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Connecticut Tribe and Trump Face Off in Court

24 August 2004

NEW BRITAIN, Connecticut – As reported by the Connecticut Day: "A platoon of attorneys armed with reams of paperwork appeared in Superior Court here Monday to argue Donald Trump's $10 million breach-of-contract lawsuit against the Eastern Pequots.

"Among the dark suits sat a lone Indian, tribal Vice Chairman Mark Sebastian, who listened for three hours as lawyers stepped to the podium and offered Judge Susan Peck multiple versions of who was wronged, when and why.

"Much of the first half hour was consumed by introductions as the judge sorted out who was representing whom. There were attorneys for two factions of Eastern Pequots; individual members of the factions; Trump; his business associates, Amalgamated Industries; the tribe's current financial backers, Eastern Capital Development; and individual financiers, including David Rosow of Southport and Florida industrialist William I. Koch.

"…The state's complex-litigation division is hearing the lawsuit because it involves multiple defendants and millions of dollars. It was continued to Sept. 10 when, after three hours, all of the attorneys had not yet spoken.

"…Trump and Amalgamated Industries Inc. are suing the tribe and Eastern Capital Development for breach of contract and a host of other complaints. Trump and Amalgamated had contracted with the Paucatuck Eastern Pequots, the smaller of two tribal factions, to finance the tribe's bid for federal recognition and ultimately profit from a casino. The U.S. Bureau of Indian Affairs recognized both factions as a single tribe in 2002, and last year the unified council, dominated by the larger faction, voted to retain Eastern Capital Development.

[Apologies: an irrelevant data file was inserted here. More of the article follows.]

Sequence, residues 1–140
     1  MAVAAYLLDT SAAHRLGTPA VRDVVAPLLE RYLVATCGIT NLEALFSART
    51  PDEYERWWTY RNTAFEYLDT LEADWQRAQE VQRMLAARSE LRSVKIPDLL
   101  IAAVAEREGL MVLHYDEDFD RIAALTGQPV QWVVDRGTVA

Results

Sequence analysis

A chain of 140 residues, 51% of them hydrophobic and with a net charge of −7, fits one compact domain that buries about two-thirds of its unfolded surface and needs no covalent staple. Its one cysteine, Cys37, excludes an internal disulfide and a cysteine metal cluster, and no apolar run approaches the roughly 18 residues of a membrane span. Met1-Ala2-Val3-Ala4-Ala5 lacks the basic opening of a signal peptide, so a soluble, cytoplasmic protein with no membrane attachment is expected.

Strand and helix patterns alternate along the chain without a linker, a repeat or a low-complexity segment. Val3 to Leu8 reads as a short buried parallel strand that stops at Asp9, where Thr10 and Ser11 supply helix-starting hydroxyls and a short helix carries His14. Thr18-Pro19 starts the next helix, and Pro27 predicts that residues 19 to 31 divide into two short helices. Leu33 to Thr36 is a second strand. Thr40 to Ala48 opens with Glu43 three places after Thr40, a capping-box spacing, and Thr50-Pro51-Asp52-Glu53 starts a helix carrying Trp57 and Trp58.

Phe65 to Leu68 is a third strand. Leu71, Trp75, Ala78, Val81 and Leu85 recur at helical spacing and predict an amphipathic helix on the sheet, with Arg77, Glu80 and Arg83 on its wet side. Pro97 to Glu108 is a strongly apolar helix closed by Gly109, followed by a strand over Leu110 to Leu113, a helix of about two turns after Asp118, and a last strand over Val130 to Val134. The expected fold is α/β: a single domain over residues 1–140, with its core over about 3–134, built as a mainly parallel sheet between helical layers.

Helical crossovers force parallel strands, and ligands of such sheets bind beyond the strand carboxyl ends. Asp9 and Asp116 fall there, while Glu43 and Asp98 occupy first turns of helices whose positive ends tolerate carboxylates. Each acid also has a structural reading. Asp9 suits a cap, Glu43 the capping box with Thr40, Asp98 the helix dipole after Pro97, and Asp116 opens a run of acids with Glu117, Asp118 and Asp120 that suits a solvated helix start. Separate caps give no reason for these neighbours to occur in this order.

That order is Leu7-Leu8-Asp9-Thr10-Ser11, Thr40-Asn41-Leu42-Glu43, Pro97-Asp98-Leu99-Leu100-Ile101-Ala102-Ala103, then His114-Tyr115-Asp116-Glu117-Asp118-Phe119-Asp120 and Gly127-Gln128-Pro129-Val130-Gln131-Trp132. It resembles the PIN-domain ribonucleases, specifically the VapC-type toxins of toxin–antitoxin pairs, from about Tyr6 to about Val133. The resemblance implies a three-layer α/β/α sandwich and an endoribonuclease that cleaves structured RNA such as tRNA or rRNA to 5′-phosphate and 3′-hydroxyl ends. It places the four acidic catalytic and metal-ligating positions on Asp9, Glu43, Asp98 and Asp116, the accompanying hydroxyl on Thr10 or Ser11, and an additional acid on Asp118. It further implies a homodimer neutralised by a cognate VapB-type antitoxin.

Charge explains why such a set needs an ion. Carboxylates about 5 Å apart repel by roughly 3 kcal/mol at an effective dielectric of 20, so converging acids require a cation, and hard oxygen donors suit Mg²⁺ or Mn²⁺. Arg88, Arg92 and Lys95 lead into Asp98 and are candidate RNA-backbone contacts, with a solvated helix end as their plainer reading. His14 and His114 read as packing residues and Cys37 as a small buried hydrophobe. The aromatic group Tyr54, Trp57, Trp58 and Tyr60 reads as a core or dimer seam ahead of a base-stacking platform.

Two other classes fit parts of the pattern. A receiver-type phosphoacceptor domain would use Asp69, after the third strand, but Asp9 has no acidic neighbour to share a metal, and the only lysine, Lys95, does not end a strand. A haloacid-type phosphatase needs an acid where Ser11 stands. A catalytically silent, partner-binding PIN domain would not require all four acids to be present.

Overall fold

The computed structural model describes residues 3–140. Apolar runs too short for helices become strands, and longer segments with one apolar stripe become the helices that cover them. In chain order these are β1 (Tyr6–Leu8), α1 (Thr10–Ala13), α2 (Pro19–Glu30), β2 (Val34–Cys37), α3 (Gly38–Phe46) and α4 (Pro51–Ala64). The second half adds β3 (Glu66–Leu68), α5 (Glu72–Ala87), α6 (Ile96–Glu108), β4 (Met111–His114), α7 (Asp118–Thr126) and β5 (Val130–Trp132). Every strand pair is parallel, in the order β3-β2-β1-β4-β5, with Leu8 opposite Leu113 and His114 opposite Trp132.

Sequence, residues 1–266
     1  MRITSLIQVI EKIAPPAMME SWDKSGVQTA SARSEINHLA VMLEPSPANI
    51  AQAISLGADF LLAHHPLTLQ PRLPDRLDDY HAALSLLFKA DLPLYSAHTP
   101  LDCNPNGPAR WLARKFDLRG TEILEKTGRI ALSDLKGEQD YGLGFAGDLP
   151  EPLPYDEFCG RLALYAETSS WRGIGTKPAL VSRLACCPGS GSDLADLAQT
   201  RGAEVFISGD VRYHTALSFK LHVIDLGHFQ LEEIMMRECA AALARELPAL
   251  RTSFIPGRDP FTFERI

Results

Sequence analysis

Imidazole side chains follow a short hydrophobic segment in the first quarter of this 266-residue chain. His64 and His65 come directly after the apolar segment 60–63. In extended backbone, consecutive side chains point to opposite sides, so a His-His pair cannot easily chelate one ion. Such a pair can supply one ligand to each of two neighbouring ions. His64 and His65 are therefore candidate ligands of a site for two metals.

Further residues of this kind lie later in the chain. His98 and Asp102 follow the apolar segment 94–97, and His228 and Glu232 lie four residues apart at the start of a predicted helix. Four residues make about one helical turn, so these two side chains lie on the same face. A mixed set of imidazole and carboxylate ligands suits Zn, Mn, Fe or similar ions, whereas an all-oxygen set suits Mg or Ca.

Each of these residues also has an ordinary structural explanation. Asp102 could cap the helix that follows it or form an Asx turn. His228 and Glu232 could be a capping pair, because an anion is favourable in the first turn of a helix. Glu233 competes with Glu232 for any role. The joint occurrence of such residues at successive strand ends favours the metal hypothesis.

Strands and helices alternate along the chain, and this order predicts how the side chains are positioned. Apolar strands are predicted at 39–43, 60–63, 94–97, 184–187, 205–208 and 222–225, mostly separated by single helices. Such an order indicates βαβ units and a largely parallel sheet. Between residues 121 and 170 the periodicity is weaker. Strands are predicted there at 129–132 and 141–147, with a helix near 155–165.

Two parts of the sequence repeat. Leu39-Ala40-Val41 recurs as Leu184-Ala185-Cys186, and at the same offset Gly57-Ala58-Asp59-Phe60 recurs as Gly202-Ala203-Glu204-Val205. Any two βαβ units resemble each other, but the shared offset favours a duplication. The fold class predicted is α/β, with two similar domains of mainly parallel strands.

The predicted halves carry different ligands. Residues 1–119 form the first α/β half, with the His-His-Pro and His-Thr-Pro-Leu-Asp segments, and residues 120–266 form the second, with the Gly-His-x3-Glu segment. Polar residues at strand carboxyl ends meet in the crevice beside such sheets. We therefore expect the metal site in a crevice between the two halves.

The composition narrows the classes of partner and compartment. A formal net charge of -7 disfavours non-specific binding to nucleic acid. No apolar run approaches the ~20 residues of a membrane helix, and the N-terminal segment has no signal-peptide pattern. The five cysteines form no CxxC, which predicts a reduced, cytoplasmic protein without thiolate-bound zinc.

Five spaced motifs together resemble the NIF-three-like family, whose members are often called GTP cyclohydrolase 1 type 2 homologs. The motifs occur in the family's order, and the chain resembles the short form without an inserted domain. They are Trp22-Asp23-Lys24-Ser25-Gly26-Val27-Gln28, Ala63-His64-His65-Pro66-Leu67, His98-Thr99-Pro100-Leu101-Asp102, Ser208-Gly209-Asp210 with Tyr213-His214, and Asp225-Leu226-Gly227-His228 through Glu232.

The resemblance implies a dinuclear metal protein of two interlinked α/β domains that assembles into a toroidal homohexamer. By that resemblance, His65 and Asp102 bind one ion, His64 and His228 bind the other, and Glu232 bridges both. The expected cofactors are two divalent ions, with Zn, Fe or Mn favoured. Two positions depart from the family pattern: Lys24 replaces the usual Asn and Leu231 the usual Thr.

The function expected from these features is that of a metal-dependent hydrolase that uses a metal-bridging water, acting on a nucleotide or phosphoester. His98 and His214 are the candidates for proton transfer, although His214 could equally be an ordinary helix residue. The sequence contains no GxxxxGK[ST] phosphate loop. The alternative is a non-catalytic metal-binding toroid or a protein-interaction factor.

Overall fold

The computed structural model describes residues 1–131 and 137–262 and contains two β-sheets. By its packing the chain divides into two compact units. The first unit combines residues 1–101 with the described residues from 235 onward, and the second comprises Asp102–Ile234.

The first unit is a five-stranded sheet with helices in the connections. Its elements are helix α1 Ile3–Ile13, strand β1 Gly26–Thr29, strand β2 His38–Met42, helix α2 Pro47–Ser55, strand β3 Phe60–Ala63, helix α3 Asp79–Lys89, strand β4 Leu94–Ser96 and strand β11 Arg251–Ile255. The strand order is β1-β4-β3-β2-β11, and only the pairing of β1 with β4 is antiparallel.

"The Trump and Amalgamated lawsuits are proceeding even though the tribe's casino plan is on hold pending the outcome of yet another major lawsuit. State Attorney General Richard Blumenthal and the towns of Ledyard, North Stonington and Preston appealed the tribe's recognition nearly two years ago.

"…Attorney Jeremiah Donovan, representing members of the Paucatuck faction, explained that his clients were outnumbered, 9 to 5, when it came time for the unified tribal council to vote on a financial backer…"

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